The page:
India is a vast country with a number of different cultures, traditions and beliefs and these differences are also apparent when people of this country prepare their tea. Most of the tea produced in this country is amongst the finest black tea in the world. There are a couple of different varieties which can be found here as well. CTC and orthodox are the two main production styles.

One of the most commonly photographed things in India is probably the various tea stalls that are prevalent in every nook and corner of the country. After all, Indians are the highest consumers of tea in the world apart from being one of the top producers. Most of the tea is prepared from loose black tea and a large portion of that is consumed with the addition of milk and sugar.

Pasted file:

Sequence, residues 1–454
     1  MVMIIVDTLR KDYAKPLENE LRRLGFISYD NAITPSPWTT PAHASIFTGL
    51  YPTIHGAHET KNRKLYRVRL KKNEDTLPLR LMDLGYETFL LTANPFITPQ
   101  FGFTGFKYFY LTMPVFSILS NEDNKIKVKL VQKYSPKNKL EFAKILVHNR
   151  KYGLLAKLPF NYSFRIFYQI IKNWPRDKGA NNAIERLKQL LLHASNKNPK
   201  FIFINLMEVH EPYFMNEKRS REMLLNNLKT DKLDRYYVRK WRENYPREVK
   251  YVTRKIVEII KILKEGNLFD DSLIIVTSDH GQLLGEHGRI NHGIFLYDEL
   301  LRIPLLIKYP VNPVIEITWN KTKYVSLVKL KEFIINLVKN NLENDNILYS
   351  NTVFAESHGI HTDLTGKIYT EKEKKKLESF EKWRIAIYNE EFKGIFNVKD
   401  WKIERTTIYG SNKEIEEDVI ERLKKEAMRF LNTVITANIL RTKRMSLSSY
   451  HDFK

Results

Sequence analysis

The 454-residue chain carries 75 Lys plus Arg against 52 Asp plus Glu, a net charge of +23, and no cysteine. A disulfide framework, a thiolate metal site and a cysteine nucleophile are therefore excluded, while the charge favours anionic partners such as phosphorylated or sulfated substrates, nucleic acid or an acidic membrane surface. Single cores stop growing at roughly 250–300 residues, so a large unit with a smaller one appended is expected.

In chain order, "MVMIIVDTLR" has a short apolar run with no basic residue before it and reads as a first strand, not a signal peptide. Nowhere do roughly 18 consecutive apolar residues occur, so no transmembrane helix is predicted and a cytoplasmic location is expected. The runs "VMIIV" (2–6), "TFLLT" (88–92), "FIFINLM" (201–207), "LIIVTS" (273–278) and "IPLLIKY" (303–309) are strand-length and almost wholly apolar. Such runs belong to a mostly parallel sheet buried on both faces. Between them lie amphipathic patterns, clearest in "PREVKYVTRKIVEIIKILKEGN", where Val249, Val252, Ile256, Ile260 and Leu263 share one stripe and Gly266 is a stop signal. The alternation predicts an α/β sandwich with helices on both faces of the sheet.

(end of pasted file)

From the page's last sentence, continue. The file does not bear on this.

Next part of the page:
There are a large number of people in India who add spices like cardamom, cinnamon and cloves apart from other additives like sugar, honey and milk. There are some though, especially towards northern India, who will only drink black tea made in a certain region with a particular appearance and milk. No milk other than that of a buffalo can be added to it before consumption. Arguably, the most popular out of all the different preparations is the famous Indian masala chai.


Vodka is not the only beverage that this region loves or is famous for

In a journey that took almost a year, tea first arrived from China via camels and caravans in the 17th century. Given the scarcity, it was initially a niche product meant for the rich. Most of the tea consumed now throughout Russia is strong black tea from India and its nearby regions. It is more or less a given that guests will be served tea.